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Hillary campaign good with accepting foreign agents' cash

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Hillary Clinton’s campaign officials discussed how to handle donations from foreign agents in an email exchange released by WikiLeaks, a discussion that apparently was ended when communications director Jennifer Palmieri ordered “Take the money!”


The issue, however, is that federal law makes it illegal for foreign nationals to contribute to U.S. political campaigns, and it imposes huge burdens and obstacles even for Americans to make those donations if they are representing foreign interests.


Howard Richman at American Thinker wrote about how the campaign was confronted by the question – and what action it took.


He said the discussion came up about whether the Clinton campaign “should continue to take money from people who were registered with the U.S. government as foreign government agents under the Foreign Agents Registration Act.”


Dennis Cheng, the Clinton campaign’s national finance director, warned, “We are leaving a good amount of money on the table.”


The next day, campaign manager Robby Mook said, “I’m ok just taking the money and dealing with any attacks.”


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The verdict, however, apparently came the following day from Palmieri, who used just three words and two exclamation points, “Take the money!!”


The exchange is available online.


The federal law, the Foreign Agents Registration Act, was created in 1938 and is a disclosure statute that “requires persons acting as agents of foreign principals in a political or quasi-political capacity to make periodic public disclosure of their relationship with the foreign principal, as well as activities, receipts and disbursements in support of those activities.”


The government explains, “The purpose of FARA is to insure that the U.S. government and the people of the United States are informed of the source of information (propaganda) and the identity of persons attempting to influence U.S. public opinion, policy, and laws.”


There are several other laws that could apply, including the Lobbying Disclosure Act of 1995 that requires registration of “certain organizations which engage in political activity.”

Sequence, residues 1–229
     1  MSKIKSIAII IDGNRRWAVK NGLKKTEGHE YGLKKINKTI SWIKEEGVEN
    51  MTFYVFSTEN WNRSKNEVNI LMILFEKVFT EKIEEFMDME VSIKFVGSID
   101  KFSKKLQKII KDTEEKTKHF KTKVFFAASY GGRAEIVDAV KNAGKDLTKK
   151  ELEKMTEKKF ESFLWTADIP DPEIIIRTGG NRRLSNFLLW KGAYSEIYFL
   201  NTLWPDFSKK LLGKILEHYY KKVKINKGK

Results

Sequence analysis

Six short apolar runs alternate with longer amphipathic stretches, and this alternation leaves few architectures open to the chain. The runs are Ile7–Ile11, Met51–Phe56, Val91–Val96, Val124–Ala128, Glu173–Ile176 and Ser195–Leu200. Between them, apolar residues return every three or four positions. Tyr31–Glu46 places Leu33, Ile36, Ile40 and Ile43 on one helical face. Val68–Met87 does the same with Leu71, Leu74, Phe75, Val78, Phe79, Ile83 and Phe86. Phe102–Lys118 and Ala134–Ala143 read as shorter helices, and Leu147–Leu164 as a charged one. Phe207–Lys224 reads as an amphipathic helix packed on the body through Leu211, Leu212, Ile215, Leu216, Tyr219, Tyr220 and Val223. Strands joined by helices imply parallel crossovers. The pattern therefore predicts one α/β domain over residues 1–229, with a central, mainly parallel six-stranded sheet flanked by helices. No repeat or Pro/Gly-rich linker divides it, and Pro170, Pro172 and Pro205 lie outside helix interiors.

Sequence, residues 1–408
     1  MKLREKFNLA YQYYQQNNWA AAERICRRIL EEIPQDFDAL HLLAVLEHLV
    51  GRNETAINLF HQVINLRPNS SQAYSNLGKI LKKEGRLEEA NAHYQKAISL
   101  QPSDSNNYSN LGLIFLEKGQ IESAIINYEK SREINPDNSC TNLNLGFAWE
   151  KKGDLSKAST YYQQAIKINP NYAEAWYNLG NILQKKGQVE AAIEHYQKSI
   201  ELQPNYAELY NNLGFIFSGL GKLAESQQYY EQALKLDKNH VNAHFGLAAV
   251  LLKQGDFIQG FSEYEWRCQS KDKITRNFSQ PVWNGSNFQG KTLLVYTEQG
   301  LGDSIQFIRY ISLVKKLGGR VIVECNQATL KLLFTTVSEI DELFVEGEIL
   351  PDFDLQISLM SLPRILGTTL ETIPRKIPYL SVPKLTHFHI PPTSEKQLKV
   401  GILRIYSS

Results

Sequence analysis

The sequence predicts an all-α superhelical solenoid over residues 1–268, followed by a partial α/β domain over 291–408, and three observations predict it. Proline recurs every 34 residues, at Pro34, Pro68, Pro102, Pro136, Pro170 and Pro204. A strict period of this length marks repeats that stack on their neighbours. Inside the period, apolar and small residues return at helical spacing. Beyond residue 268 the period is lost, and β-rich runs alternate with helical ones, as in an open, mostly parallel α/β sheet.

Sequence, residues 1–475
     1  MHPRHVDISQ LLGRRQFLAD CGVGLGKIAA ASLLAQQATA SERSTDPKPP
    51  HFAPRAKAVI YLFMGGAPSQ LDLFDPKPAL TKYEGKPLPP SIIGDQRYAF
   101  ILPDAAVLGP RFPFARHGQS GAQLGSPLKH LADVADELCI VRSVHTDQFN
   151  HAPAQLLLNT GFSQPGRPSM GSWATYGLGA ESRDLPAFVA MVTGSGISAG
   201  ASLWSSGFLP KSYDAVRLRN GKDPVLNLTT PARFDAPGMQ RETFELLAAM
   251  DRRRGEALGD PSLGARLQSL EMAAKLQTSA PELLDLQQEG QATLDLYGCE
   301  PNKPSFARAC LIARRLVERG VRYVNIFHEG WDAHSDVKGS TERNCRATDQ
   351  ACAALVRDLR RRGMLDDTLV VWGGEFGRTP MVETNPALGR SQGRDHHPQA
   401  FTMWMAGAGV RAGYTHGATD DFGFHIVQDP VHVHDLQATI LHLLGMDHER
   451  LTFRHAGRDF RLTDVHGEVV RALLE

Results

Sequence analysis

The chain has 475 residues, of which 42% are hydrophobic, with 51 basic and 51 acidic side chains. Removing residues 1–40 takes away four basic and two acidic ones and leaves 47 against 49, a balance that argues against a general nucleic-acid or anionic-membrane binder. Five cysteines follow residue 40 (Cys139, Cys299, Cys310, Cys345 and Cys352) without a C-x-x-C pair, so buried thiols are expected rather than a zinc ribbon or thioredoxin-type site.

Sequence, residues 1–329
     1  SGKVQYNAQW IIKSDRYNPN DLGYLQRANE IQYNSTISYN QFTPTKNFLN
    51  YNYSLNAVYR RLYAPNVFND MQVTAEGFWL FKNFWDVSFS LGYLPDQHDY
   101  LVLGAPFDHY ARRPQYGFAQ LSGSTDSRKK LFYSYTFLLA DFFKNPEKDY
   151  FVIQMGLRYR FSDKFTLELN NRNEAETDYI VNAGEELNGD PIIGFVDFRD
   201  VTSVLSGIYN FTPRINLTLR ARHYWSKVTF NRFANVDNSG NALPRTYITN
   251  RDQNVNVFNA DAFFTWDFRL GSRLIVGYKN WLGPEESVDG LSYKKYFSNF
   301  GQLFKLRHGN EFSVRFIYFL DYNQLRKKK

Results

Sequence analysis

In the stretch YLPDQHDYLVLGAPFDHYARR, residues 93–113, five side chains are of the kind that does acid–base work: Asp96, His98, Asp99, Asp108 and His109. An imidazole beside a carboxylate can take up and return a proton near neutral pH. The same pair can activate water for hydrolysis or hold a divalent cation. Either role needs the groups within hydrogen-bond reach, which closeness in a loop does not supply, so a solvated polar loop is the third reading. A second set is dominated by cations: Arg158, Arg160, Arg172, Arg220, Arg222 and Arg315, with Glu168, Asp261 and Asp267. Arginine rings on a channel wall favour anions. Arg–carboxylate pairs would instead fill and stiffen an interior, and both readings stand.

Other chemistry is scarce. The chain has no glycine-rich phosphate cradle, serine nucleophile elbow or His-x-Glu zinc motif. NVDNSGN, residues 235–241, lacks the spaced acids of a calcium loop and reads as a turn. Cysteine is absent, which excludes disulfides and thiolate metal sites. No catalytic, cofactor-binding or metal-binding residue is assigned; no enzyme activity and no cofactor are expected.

The Project on Government Oversight reports that there are requirements for “American lobbyists working on behalf of foreign clients” to release a great deal of information.


“This includes the actual documents used to influence policy makers, called informational materials. These materials include draft legislation, speeches, press releases and more, all created to influence U.S. policy.”


However, the organization noted, “The lobbyists do not always follow the letter of the law and enforcement by the Justice Department has been lax in recent years. Furthermore, the law itself seems to have loopholes that make enforcement difficult if not impossible. The Foreign Agents Registration Act is intended to bring transparency into the world of foreign lobbying. But when American lobbyists working on behalf of foreign interests fail to follow the law, or the Justice Department fails to enforce it, the American people are left in the dark.”


When there are foreigners acting as agents for foreign interests, the Federal Election Commission imposes a strict ban on political contributions and expenditures, and has ever since 1966.


It came in an amendment to FARA, which has as its goal “to minimize foreign intervention in U.S. elections by establishing a series of limitgations on foreign nationals. These included registration requirements for the agents of foreign principals and a general prohibition on political contributions by foreign nationals.”


“In 1974, the prohibition was incorporated into the Federal Election Campaign Act.”


POGO reported it had examined thousands of documents spanning years of work, as well as public records, and found not only do foreign agents “routinely fail” to comply with the law, the “Justice Department office responsible for administering the law is a record-keeping mess. And we found loopholes in the law that often make it difficult if not impossible for the government to police compliance or to discipline lobbyists who fail to comply.”


The report continued, “Though federal law bars foreign money from U.S. political campaigns, there appears to be a gray area in the law that can let in such money indirectly.”


Toby Moffett, a former congressman from Connecticut who had heads a lobbying company, told POGO, “Around the edges there’s a lot of loosey-goosey stuff going on. People representing foreign interests and not reporting.”


The Clinton campaign discussed going after donations on a “case-by-case” basis but ultimately decided, apparently, to just take all the cash offered and respond to controversies after the fact.


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